American Exceptionalism Comes in Recognizing All of Our History
Tomorrow we celebrate our nation's 238th birthday.
While other nations and civilizations may be older it was the United States of America that embarked on an experiment in self-governance and democracy that changed the history of the modern world.
In George Washington's Mount Vernon home is the key to the Bastille, a precious symbol from the French Revolution given to Washington by the Marquis de Lafayette. The gift recognized the powerful example of American democracy that inspired the people of France. The example of our government cast the light of inspiration around the world then and continues to do so today.
We were founded by a truly rare convergence of transcendent people. Their words and those of leaders who followed have been translated, read and etched into pages, minds and monuments around the world; lifting the spirits of those yearning for freedom.
Our nation has changed the world with inventions and innovations. We've created and protected peaceful commerce in the skies and on the seas for our country and the free nations of the world.
To that extent we've been the planet's indispensable nation and remain so.
There is a school of thought that preaches American exceptionalism. We do occupy a special place in the world order. But we must never mistake the reality of American exceptionalism with a myth of American perfectionism.
We are not perfect now, nor have we ever been. All human endeavors are fraught with the imperfections of human frailty. Our founders recognized this when they wrote "We the people in order to form a more perfect union. Through their words they acknowledged that this would always be an evolving process.
But we are still Reagan's "Shining City on the Hill." Despite armies of lobbyists and special interests, we remain Lincoln's "Government of the people, by the people and for the people".
We must channel Kennedy's words, "Ask not what your country can do for you. Ask what you can do for your country." We must remember that which binds us, not what separates us and what Ben Franklin predicted in 1776, "We must hang together, else we shall most assuredly hang separately."
Franklin Delano Roosevelt told us "the only thing we have to fear is fear itself."
But it all began with Jefferson's words emanating from a small hall in Philadelphia that swept the world, "We hold these truths to be self-evident that all men are created equal."
Reagan, Lincoln, Kennedy, Roosevelt, Jefferson ... exceptional people and Americans, but certainly none was perfect.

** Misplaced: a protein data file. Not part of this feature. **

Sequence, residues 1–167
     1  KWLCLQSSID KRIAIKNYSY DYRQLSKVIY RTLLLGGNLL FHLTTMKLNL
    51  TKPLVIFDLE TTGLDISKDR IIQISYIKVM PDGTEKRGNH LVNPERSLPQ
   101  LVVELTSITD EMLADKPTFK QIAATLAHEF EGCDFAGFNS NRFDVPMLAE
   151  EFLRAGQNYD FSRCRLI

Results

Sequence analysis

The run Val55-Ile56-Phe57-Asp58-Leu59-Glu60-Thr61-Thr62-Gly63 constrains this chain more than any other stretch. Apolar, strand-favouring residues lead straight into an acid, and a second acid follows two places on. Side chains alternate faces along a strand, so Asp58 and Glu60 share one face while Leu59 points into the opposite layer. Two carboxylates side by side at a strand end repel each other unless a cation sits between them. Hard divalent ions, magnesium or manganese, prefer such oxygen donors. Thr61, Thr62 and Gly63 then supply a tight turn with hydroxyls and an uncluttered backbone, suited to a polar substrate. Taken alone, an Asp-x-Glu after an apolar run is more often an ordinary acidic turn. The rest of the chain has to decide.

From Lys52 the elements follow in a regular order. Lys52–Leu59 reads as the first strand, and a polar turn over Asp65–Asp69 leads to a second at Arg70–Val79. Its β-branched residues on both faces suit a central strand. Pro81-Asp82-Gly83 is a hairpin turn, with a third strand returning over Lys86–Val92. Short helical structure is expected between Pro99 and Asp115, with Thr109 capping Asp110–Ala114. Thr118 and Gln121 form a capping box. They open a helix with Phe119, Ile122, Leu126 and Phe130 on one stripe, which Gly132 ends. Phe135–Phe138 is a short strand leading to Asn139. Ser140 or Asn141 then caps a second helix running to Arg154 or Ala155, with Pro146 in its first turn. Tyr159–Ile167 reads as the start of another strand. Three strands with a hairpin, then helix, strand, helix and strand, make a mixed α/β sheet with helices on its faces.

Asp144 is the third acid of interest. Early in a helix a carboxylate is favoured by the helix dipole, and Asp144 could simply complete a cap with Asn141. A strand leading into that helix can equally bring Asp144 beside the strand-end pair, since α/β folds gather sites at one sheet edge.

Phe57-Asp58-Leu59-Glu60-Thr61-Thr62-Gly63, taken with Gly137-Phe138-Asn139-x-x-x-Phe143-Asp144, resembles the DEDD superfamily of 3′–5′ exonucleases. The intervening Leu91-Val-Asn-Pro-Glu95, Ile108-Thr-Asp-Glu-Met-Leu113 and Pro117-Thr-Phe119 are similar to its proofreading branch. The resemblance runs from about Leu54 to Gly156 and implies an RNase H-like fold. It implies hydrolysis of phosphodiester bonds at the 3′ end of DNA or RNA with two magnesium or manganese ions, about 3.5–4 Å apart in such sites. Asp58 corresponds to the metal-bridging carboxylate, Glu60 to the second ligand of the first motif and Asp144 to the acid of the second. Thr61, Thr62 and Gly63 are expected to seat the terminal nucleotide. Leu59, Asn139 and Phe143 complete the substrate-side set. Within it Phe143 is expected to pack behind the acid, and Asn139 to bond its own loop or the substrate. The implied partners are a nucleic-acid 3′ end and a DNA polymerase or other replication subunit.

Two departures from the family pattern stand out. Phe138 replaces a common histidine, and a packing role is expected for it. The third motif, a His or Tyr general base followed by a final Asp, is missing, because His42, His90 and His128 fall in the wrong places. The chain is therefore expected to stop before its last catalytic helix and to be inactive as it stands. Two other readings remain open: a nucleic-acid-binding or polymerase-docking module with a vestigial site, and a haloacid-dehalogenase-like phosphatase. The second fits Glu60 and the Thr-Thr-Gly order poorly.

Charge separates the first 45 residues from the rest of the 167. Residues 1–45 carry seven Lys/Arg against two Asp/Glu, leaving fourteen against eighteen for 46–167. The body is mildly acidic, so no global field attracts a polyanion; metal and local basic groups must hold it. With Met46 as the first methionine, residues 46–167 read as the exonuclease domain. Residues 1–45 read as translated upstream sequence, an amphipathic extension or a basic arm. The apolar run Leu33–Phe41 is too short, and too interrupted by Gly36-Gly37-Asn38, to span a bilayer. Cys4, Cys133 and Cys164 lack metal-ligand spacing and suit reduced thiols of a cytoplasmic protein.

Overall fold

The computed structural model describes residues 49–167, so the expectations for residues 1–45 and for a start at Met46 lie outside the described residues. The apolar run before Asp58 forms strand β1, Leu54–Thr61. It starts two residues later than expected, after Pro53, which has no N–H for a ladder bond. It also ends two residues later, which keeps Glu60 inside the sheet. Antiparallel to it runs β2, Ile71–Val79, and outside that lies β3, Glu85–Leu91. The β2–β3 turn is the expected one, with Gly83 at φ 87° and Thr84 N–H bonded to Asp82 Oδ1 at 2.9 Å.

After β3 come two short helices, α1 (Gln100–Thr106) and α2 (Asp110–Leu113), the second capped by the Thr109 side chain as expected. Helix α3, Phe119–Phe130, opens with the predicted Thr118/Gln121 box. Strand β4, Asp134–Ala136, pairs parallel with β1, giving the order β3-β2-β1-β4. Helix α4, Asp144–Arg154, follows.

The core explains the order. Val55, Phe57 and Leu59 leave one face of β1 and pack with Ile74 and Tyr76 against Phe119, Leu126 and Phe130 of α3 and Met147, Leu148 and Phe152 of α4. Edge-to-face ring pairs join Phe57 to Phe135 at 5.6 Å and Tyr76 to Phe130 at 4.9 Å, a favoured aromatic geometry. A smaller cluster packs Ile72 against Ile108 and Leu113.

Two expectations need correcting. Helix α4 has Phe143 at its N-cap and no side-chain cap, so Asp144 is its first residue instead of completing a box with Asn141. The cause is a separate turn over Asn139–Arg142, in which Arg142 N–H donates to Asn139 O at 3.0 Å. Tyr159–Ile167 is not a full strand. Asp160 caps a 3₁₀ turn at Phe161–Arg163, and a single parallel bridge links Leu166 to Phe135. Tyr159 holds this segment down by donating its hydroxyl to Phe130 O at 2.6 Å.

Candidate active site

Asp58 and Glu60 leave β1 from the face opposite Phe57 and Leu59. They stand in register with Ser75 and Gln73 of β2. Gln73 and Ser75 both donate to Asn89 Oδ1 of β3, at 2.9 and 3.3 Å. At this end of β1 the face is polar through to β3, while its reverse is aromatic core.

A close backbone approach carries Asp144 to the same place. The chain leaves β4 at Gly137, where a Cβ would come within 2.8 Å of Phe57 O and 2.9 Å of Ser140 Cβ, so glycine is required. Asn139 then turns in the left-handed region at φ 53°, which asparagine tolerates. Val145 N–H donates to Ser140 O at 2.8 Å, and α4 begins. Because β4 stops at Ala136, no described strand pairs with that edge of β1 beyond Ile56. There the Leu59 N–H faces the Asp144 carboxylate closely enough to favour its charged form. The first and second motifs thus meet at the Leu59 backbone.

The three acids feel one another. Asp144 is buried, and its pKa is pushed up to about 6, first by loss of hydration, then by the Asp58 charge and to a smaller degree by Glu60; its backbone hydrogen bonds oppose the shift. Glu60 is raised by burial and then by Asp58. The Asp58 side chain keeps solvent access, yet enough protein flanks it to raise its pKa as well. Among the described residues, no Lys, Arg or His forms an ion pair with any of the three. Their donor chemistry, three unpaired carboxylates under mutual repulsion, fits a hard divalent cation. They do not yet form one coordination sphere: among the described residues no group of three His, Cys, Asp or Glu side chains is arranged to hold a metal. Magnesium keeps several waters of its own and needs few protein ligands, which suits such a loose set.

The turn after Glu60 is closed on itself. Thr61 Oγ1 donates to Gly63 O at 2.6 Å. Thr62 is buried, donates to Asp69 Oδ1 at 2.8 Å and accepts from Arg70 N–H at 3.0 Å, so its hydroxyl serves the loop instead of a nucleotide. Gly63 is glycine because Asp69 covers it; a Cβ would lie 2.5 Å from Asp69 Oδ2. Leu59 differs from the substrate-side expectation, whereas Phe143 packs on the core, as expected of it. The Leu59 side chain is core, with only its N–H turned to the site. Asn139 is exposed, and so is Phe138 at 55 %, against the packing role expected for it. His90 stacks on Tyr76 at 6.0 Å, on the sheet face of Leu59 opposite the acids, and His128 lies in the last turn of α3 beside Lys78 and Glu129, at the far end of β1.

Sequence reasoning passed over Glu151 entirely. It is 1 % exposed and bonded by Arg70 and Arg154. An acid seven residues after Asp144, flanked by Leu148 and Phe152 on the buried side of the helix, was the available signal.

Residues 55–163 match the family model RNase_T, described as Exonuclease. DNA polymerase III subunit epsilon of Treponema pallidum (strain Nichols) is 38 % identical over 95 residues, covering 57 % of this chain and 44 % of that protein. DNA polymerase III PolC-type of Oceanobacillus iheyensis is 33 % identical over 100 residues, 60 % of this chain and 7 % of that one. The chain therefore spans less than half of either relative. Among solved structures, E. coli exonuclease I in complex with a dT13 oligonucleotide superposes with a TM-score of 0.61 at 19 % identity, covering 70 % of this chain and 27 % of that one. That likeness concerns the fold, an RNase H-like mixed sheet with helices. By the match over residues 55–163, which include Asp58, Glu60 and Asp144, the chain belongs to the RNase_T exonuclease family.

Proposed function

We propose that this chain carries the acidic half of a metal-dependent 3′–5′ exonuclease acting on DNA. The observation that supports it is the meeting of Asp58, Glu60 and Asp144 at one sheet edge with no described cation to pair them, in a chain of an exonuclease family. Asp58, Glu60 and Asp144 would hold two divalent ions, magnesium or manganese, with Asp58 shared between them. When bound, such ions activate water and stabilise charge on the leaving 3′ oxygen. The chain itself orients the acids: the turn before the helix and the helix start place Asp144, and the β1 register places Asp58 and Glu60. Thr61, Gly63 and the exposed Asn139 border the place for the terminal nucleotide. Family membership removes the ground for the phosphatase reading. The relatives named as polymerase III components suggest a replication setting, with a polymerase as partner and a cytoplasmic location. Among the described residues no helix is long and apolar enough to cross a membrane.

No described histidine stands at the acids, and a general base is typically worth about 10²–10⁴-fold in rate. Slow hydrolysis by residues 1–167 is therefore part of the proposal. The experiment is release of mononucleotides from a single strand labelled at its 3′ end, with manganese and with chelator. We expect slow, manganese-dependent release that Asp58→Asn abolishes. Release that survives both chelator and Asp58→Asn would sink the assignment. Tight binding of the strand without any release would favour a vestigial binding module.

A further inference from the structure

The Kennedy and Reagan administrations both engaged in questionable covert actions. Lincoln maneuvered around the constitution. Roosevelt attempted to pack the US Supreme Court and opened internment camps during World War II.
Jefferson and his fellow Virginian George Washington may have been international beacons of equality and freedom, but both enslaved people. Andrew Jackson is revered, yet he drove Native-Americans from their home lands.
Imperfections do not make any of those leaders ordinary, nor do the missteps in our country's history make our nation somehow less than exceptional.
We got here through struggle, and by fighting for independence, to end Slavery, civil rights, a Civil War and two World Wars. Some of the country's problems were of our own making.
Denying all that happened here will not make us stronger, in fact it weakens us. It prevents us from moving toward the more perfect union. As Americans, we stand on the shoulders of giants, but we're foolish not to study all of our nation's history, particularly that which may make us uncomfortable.
What makes us exceptional has been the enduring constitution and our system of government. Some say that it is broken, yet history shows gridlock is hardly a recent phenomenon. Attempts by Kennedy and Johnson to pass civil rights legislation faced a standoff between factions of Congress. A century earlier Congress failed to tackle the great question of slavery and it ripped the United States apart.
From the lessons of history we've learned that when our backs are against the wall our unity binds us together and rallies us like no other nation. It is the bold, but imperfect leadership of extraordinary people that makes this nation special.
As we celebrate with fireworks, hot dogs and hamburgers, take a moment to reflect on all the history of our nation -- the good and the bad. Our country is a product of all the people and all the history that is and has been here. Immigrants, slaves and free men and women all brought a stone to build our "City on the Hill".
Some stones are scarred with painful memories but they are often the strongest because they are dearest to us. Trying to build a world without them leaves us weaker.
We are a unique nation of diverse people. We are not perfect and saying that doesn't make one an "apologist".
Truth is that failing to see our imperfections, and failing to continue efforts to improve our nation are the surest ways to insure that we will no longer be exceptional.